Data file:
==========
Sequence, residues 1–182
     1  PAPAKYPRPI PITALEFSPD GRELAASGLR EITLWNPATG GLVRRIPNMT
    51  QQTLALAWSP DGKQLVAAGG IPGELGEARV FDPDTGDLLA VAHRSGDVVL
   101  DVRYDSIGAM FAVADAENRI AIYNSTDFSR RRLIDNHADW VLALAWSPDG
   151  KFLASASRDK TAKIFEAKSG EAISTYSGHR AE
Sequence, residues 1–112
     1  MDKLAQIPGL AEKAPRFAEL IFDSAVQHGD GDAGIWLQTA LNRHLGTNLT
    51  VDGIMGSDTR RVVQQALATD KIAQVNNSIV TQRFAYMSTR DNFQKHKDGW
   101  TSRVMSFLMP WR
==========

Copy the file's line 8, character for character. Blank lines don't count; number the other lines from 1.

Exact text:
    51  VDGIMGSDTR RVVQQALATD KIAQVNNSIV TQRFAYMSTR DNFQKHKDGW